FIG. 16 is a perspective view of an alternative embodiment of the game call, shown in use.

FIG. 17 is a more detailed perspective view of the game call of FIG. 16.

FIG. 18 is a perspective view of a bellows cap for the game call of FIG. 16.

FIG. 19 is a sectional view of the cap taken along lines 19-19 of FIG. 18.

FIG. 20 is a sectional view (with parts not in section) of another embodiment of the game call.

FIG. 21 is a view similar to that of FIG. 20 of another embodiment of the game call.

FIG. 22 is a perspective view of a spring member for the call of FIG. 21.

FIG. 23 is a sectional view of the spring member taken along lines 23-23 of FIG. 22.

DETAILED DESCRIPTION OF THE PREFERRED EMBODIMENTS

Referring to FIGS. 2 to 6, there is shown generally at 100 a game call which includes the device 30 having the weighted member 50, reed assembly 52, bellows 60, rear wall 40 with hole 88, and other components as hereinbefore described in detail with reference to FIGS. 1 and 7 to 15.

While the device 30 works well to produce the specific sound for which it is designed, it is nevertheless limited to only a single vocalization and the capacity of the bellows 60. In addition, the distracting movement (flipping it over) required to operate this device may scare game away. In order to realize the advantages of such a device 30 while also controlling sound quality (volume and pitch) and without having to alternately flip the device over to operate it so that the intended game is not scared away, in accordance with the present invention, the call 100 includes an external hand-manipulatable (as by hand 104) bellows 102 or other device for supplying pressurized air to the internal bellows 60. The external bellows 102 is an elastomeric generally tubular member having a closed outer end and an open inner end which is sized to be press fitted over the rear end portion of the can 32. The external bellows 102 thus provides air pressure communication with the interior bellows via the hole 88 in the rear wall 40. The bellows 102 may, for example, be composed of thin rubber and have a length of about 4¾ inches and have its open end press fit onto the can 32 a distance of about ¾ inch and have a diameter equal approximately to the diameter of the can 32. It should however be understood that the external bellows 102 may be otherwise sized and shaped as suitable.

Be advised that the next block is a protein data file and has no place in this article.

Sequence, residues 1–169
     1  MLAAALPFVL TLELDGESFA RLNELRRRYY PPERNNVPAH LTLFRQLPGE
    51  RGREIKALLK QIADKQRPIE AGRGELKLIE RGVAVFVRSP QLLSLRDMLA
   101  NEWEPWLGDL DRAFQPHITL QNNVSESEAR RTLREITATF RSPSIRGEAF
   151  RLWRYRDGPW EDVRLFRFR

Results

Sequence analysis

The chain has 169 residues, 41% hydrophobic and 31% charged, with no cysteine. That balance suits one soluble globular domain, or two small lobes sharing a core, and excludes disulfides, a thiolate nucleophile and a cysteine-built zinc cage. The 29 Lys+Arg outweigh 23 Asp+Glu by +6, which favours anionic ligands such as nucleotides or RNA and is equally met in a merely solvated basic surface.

A hole, illustrated at 108, is provided in the external bellows 102 to prevent unwanted sounding of the call 100 while traveling, etc., and the user 104 must plug or cover this hole 108 with his thumb 110 or finger, as illustrated in FIG. 2, for the call 100 to work. Alternatively, a cap may be placed over the front end wall 34 to prevent air from escaping from the apertures 36 to prevent unwanted sounding of the call 100 while traveling, etc., the cap being removable for operating the call.